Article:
Why is this election still close ?

I have been watching the trends in the election campaign thus far. I actually watched much more of both conventions than I expected to. My present question is Why is this election close ?. Powerline blog asks the same question and has a rather gloomy conclusion.

But it now appears that the election will be very close after all, and that Obama might even win it. It will require a few more days to assess the effects (if any) of the parties’ two conventions, but for now it looks as though the Democrats emerged with at least a draw, despite a convention that was in some ways a fiasco. In today’s Rasmussen survey, Obama has regained a two point lead over Romney, 46%-44%. Scott Rasmussen writes:

The president is enjoying a convention bounce that has been evident in the last two nights of tracking data. He led by two just before the Republican convention, so he has already erased the modest bounce Romney received from his party’s celebration in Tampa. Perhaps more significantly, Democratic interest in the campaign has soared. For the first time, those in the president’s party are following the campaign as closely as GOP voters.

John Hinderaker comes to the following conclusion, at least tentatively.

On paper, given Obama’s record, this election should be a cakewalk for the Republicans. Why isn’t it? I am afraid the answer may be that the country is closer to the point of no return than most of us believed. With over 100 million Americans receiving federal welfare benefits, millions more going on Social Security disability, and many millions on top of that living on entitlement programs–not to mention enormous numbers of public employees–we may have gotten to the point where the government economy is more important, in the short term, than the real economy. My father, the least cynical of men, used to quote a political philosopher to the effect that democracy will work until people figure out they can vote themselves money. I fear that time may have come.

I have several other theories that are more optimistic. The polls may be wrong for several reasons. Citizens have been deluged with accusations of racism by frantic Democrats. Those who plan to vote for Romney may simply be misleading pollsters. In California about 30 years ago, the black mayor of Los Angeles was ahead in the polls going into the 1982 election. In the event, he lost in spite of appearances on election day. Absentee ballots were credited with turning the result into a win for Deukmejian, his GOP rival. The racial effect is still disputed.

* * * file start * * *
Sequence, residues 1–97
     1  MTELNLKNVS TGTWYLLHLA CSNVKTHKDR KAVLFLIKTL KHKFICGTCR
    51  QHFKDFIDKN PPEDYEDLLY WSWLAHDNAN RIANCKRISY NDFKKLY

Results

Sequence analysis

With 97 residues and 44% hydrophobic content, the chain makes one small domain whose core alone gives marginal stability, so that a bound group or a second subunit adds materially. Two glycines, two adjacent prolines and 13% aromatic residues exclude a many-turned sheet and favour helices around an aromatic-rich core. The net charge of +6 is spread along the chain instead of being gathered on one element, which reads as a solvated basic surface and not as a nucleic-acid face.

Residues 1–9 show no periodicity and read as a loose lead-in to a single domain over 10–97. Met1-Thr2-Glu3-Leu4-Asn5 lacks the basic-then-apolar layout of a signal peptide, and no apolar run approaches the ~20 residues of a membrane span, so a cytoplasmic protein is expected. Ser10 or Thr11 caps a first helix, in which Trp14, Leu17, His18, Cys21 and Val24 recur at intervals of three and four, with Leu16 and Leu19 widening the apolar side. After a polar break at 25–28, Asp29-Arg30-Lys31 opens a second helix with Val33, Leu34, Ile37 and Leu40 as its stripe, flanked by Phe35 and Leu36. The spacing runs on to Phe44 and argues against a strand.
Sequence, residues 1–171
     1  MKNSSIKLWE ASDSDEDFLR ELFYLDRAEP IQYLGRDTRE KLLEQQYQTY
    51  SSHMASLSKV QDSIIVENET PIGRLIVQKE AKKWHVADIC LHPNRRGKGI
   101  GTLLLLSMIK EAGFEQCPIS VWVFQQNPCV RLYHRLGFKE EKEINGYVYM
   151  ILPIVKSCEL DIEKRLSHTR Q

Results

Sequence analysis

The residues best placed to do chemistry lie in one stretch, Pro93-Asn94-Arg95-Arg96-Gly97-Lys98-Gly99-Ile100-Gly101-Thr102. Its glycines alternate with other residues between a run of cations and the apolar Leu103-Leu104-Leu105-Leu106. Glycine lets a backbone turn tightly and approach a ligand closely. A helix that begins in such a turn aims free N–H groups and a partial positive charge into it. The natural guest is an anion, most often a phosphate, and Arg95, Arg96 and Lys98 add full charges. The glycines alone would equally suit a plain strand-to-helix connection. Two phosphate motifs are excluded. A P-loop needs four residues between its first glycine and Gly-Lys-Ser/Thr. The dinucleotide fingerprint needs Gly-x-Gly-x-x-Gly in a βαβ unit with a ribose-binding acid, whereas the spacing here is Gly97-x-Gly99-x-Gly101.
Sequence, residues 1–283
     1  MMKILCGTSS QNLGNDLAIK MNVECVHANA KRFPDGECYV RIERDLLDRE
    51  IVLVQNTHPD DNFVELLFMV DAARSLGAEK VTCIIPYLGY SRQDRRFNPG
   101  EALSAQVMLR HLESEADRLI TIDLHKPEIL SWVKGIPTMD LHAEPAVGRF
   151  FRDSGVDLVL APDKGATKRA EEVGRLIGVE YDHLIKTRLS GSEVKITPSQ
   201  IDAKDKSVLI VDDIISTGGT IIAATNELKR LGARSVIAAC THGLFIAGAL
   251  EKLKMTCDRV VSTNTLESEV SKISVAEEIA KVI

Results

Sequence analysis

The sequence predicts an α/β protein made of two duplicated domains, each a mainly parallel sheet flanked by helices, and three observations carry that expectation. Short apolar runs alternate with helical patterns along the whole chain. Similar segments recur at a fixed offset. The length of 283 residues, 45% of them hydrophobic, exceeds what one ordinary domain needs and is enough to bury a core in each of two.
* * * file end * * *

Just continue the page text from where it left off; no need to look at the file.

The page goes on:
Two theories of the racial effect are in competition. One holds that white voters are less likely to vote for a black candidate. The fact that a number of black office holders have been elected by majority white districts, including that of retired colonel Allen West, should dispute that theory. Another is that white voters are reluctant to disclose voting preferences to pollsters, which might expose them to changes of racism. Voting against Obama is widely attributed to racism by Democrats and, especially, the progressive left.

It is not clear if either of these theories has validity. It would be very depressing to think the theory of dependency on government is valid.

This may explain some of it.

As regular readers know, our view is that the US stands at an uncomfortable transition point between eras. We are between social models. The blue model of twentieth century mass production, mass consumption society based on stable corporate oligopoly, bloc voting and government regulation in a relatively closed national economy has foundered and it cannot, so far as we can see here, be restored. But we have at best only a very dim and incomplete sense of what could replace it.

Here is some support for my theory that the polls are wrong.

Pollsters will tell you that they cannot always count on voters to level with them about which candidates they favor. For example, Gov. Scott Walker’s victory in the Wisconsin recall election several months ago was predicted by the polls, but his margin was not. It was a larger margin than the surveys had forecast. Similarly in 2004, Sen. John Kerry went to bed on election night believing he would be the next president. He woke to a surprise, as did Democrats in 1994 and, to a lesser degree, in 1980. Note, in all these elections it was the Democratic who got the unwelcome surprise.

And there is some science behind the doubts:

The response rate has gotten so low that the reported differences in popularity have become meaningless. The main source of error is almost surely no longer due to random sampling error but rather to the unknown distribution of opinion in the unsampled part of the population that declines to respond. Let me know if you need a reference for that.

By comparison, it’s as if you’re getting all excited about annual temperature changes over the just the desert areas of the earth without being concerned with other land surfaces or the oceans.

I think this may explain the tie in the polls. A real difference in Romney’s favor may not be apparent until the election. The Scott Walker comparison sounds valid to me.

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2 Responses to “Why is this election still close ?”

  1. Charlotte says:

    Interesting read, as always, Dr K. Here’s a website you might find of interest. http://polls2012.blogspot.com/ Their approach is to take the averages of numerous poll’s IntraParty Voting Preferences (e.g. R”s breakdown 6% Obama, 88% Romney, and 6%undecided) and use those average preferences as the filter through which explicit Partisan breakdowns (the %R %D and %I&O) can be run . The main reason this approach is superior for the consumer is that the polls generally do not and cannot manipulate the intra-partisan grouping numbers as readily as simply adjusting Partisan ID.

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